The Chicago police officer charged with murder after shooting a black teenager last year played a part in the alleged cover-up of another police shooting 10 years ago, according to a civil suit filed against the city this month.
The chairman of the Chicago Latino Caucus questioned on Tuesday whether police used excessive force against Emmanuel Lopez, whose shooting death in 2005 sparked a three-year grand-jury probe.
Officer Jason Van Dyke — the same officer who fatally shot Laquan McDonald in 2014 — arrived at the scene after the shooting and wrote the case report. In the ensuing deposition, he admitted that he never actually interviewed witnesses to the shooting, and instead copied and signed the accounts of the officers involved.
Van Dyke was indicted on six counts of first-degree murder and one count of official misconduct on Wednesday for fatally shooting McDonald in October 2014.
Although his role in the case was relatively small, his involvement has refueled accusations of misconduct by Chicago police as the department is investigated by the US Department of Justice.
There is no dash-cam video of Lopez’s fatal shooting, but his advocates maintain that the narrative given by police is inconsistent with the evidence.
Lopez, an undocumented janitor from Mexico, was shot by police 16 times in the driver’s seat of his car after allegedly running over an officer and pinning him under the front bumper. Lopez had led them on a brief chase after attempting to escape being pulled over for speeding, Van Dyke’s report said.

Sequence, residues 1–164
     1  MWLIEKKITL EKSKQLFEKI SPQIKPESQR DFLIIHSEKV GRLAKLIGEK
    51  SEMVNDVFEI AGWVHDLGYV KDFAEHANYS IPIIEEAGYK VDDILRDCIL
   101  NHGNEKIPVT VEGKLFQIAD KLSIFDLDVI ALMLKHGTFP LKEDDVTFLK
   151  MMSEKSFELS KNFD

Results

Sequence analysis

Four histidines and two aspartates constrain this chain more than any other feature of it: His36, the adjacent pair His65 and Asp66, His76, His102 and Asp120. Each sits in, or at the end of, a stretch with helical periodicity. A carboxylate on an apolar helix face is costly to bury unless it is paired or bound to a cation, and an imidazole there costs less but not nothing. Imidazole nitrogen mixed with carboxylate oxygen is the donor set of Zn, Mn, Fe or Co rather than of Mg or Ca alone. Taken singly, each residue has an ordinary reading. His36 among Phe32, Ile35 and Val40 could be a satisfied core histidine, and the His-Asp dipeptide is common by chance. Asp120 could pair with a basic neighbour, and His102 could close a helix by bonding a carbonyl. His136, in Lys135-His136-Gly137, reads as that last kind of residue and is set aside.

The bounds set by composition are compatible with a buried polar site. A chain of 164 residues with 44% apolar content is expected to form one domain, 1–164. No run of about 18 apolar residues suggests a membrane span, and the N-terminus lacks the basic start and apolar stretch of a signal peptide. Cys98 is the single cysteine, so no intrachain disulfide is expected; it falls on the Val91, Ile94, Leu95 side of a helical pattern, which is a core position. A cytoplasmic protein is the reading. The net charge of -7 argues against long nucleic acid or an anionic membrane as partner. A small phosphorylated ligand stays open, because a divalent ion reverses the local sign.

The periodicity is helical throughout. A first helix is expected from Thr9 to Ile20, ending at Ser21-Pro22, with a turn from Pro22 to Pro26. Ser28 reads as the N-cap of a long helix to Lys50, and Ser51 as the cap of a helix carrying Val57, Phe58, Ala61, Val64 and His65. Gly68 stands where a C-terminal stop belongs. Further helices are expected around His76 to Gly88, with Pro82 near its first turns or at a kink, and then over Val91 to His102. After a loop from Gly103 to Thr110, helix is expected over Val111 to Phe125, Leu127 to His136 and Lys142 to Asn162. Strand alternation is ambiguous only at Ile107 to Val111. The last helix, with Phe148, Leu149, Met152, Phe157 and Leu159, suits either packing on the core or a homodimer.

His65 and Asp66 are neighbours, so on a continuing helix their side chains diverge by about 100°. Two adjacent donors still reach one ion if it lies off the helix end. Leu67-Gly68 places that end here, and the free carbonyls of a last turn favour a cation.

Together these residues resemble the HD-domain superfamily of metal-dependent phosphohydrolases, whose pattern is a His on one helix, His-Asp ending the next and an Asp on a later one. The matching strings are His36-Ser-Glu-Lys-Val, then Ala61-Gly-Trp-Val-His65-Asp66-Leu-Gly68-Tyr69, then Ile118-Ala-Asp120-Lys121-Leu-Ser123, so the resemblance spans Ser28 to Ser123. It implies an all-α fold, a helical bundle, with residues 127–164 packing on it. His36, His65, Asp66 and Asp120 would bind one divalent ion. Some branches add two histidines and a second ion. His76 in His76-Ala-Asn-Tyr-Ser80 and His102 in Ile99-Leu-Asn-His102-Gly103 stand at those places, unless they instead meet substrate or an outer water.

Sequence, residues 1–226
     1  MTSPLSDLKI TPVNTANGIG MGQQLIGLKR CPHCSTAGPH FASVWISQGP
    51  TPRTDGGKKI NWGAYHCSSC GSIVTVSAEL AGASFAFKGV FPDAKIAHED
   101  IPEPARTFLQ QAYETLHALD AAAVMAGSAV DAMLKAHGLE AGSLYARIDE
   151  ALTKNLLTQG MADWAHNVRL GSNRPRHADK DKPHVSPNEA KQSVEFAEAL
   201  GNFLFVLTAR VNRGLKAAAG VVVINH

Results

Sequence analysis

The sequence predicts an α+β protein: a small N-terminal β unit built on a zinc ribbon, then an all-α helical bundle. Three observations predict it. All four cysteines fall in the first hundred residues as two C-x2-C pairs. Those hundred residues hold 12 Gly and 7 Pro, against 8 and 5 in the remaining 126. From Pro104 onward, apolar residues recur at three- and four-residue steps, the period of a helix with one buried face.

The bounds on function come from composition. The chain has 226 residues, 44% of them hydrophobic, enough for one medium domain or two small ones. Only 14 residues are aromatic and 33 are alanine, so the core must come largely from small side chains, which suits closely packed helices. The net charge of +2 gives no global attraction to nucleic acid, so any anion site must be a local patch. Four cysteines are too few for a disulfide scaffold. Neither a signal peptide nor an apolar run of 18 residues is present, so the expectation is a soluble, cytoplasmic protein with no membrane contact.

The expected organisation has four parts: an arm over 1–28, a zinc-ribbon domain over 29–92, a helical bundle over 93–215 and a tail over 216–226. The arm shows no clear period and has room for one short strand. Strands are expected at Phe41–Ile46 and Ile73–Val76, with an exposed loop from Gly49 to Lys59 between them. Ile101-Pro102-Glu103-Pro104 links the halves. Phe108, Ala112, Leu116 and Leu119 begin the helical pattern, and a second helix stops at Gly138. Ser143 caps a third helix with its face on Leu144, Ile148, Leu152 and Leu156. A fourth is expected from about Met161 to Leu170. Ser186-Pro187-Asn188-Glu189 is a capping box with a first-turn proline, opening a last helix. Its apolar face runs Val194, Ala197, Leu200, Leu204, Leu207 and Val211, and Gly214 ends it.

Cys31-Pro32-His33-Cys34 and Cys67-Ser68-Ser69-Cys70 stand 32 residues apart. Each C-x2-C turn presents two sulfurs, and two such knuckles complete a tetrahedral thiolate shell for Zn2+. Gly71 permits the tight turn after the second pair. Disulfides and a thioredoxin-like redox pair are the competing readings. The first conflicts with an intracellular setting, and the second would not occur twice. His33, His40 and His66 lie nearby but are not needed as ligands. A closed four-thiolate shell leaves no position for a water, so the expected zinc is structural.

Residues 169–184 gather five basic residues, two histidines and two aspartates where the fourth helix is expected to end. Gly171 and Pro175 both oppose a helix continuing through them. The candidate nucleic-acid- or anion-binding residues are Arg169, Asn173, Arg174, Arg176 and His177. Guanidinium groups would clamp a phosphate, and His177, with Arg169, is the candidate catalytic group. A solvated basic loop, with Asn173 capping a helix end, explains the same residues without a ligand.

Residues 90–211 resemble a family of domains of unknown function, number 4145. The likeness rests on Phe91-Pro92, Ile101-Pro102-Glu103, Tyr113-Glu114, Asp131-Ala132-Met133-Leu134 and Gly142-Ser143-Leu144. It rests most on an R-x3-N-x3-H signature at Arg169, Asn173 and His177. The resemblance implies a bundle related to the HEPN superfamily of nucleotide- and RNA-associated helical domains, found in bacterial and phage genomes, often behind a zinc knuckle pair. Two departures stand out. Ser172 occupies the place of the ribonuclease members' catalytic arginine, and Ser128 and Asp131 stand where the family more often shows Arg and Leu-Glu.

“At that time, he continued to spin his tires. The officers, in fear for the officer’s life under the car, fired, killing him,” Chicago Police Superintendent Phil Cline said in September 2005.
In the deposition, Officer Brian Rovano testified that he fired at Lopez while he was pinned beneath the car. But according to the autopsy, the only bullet from Rovano’s gun had hit Lopez in the back, and had been fired at a downward angle.
Additionally, the tire prints on Rovano’s pants appeared to have been made by someone hand-rolling a tire over a pair of pants laid flat, according to an FBI expert hired by the Lopez family.
Van Dyke said in the deposition that he never questioned the officers involved in the shooting because it was “out of [his] pay grade.”
“I’m not the investigator on this. I’m just documenting what happened. I think it was just easier to do it that way instead of me asking, asking, asking and him answering, answering, answering,” he said.
His actions “show the effort the Chicago Police Department will go to in order to cover up police misconduct,” the family’s attorney, Terry Ekl, told the Chicago Tribune. “They were trying to keep a lid on how this shooting took place and to concoct a defence for shooting an unarmed guy 16 times.”
After a two-year investigation, Cook County prosecutors announced in 2008 that they would not charge any of the police officers involved in the shooting.
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